Bernie Sanders passed through Philadelphia last night on tour for his new campaign memoir, Our Revolution. He was in good, blustery form: sarcastic, dark, self-aggrandizing. He came to talk about the book, he said. “But I have the feeling there are one or two other things on your mind,” he said, to widespread, uncomfortable laughter. He spoke about the threat of voter suppression, about the catastrophic effects of climate change, about the asphyxiating control of corporate media. It remains astonishing that so gloomy a figure could also be one of the few bright lights at the dawn of the Trump era.
Since the Democrats botched the election, murmurs of the superior appeal of Sandersismo over Clintonoia have grown into a full-throated chorus. Polls mark him as the most popular political figure in the country. Even Chuck Schumer, darling of the banksters, was moved to appoint Sanders as outreach chair for the Senate Democrats, and Sanders has been throwing his weight around accordingly. He (and Schumer!) mooted Keith Ellison, leftwing Democratic congressman from Minnesota, as a candidate for chair of the Democratic National Committee—a position last held ingloriously by Debbie Wasserman Schultz. A movement is afoot and the Party’s neoliberal wing is bracing the dikes against the hungry tide. When the Obama administration isn’t silently allowing protesters to get their arms blown off over the Dakota Access Pipeline, Obama’s advisers, according to the New York Times, have been hurrying to scuttle the Ellison nomination, fearful that the President’s legacy of pre-emptive compromise will be compromised.
The growing alliance between Sanders and the Democratic Party—his being in a position as it were to save the Party from itself—has been a source of disquiet for those who feel that his movement could go in other directions. On stage at the main branch of the Free Library, Sanders was interviewed by Amy Goodman of Democracy Now!, who admirably pushed him on the two-party “duopoly,” and the innovations of the Obama presidency—the extrajudicial “kill list,” for example—that the grotesque Trump will inherit. You knew these weren’t questions that he was ready to confront, because he would sink back into a deeper slouch, his voice dropping to a quiet guttural croak, as he offered, “That’s a fair point. That’s a fair point.” When Sanders is slipping into the well-worn groove of his talking points—income and wealth inequality—the volume is more likely to turn up higher than the room can plausibly bear. But when Goodman asked him about the possibility of a future independent run for President, he demurred quietly, indicating that his efforts were focused on “transforming the Democratic Party,” in a tone that exuded concession rather than triumph. Sanders’s other effort in this vein—also called Our Revolution—is off to a bad start, with many of its staff having resigned over the appointment of the much-loathed Jeff Weaver as its director. It remains to be seen whether it develops into a real alternative force, or something more akin to MoveOn—a way of generating dollars and door-knocking for already existing “progressive” candidates.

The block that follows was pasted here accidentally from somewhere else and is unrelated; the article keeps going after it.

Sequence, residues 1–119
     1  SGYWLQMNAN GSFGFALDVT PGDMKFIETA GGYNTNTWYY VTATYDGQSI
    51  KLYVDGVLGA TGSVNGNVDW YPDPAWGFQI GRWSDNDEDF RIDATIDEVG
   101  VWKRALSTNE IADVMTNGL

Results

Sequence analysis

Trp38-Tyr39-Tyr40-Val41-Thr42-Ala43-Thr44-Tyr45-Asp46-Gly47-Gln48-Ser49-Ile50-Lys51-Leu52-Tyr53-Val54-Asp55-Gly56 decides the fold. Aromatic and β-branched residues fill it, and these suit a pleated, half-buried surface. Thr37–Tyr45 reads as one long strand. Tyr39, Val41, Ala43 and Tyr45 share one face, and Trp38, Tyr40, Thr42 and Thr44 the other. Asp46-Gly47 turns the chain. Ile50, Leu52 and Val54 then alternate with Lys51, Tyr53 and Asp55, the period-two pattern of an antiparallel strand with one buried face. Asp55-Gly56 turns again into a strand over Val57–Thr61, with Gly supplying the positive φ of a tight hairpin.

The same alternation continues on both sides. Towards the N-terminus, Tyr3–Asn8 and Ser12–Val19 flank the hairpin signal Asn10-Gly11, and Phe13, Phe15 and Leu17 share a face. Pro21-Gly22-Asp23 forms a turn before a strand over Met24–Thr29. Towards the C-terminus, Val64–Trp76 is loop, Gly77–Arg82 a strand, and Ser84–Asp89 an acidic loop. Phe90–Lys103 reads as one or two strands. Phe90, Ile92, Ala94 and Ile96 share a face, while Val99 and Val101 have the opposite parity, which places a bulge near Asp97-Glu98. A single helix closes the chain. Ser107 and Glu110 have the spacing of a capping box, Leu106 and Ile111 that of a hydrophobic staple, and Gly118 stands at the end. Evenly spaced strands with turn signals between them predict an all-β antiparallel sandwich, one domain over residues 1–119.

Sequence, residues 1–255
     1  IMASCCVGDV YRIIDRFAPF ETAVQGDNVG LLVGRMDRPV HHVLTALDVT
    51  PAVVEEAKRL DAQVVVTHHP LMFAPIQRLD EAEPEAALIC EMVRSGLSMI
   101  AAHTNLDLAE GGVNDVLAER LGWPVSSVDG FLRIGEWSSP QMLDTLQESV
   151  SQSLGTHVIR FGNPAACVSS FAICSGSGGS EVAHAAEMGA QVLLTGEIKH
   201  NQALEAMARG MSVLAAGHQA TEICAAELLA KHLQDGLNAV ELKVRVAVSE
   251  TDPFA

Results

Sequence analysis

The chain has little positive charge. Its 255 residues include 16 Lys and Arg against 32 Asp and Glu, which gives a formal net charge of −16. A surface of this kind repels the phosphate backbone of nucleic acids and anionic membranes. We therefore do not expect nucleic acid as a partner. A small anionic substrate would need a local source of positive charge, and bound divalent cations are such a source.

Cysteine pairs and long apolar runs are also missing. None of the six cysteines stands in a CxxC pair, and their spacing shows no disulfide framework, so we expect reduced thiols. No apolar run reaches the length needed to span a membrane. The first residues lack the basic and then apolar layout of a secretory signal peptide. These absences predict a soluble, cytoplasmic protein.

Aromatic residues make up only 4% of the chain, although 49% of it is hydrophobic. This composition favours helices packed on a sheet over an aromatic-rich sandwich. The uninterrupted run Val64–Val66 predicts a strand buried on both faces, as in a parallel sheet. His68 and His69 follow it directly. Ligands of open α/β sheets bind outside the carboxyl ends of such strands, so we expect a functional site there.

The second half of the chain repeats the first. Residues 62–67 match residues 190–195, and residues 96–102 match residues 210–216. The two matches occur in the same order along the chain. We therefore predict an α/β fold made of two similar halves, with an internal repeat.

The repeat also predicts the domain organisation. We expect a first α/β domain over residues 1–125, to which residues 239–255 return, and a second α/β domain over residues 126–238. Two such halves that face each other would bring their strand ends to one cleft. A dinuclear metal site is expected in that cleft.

The conversation exited the distorting gravitational pull of the US when it drifted to Fidel Castro. Here, too, Sanders was circumspect, cautiously lauding the island’s health care and education systems, while admitting the lack of real avenues for dissent, and that “the economy is in bad shape,” and not just because of the US embargo. He took the opportunity nonetheless to lambast the media, as he is wont to do. On ABC’s Sunday morning show, Martha Raddatz had played a clip of him praising Castro from the mid-1980s—a form of redbaiting. The memory sent Sanders into a peroration—common for Sanders but unusual among American elected officials—about Mossadegh, Arbenz, Allende. It was a reminder that Sanders the non-Democrat had once been a friend to Marxist regimes in the region, and during the high point of Sandinista rule had made Burlington a sister city to Managua.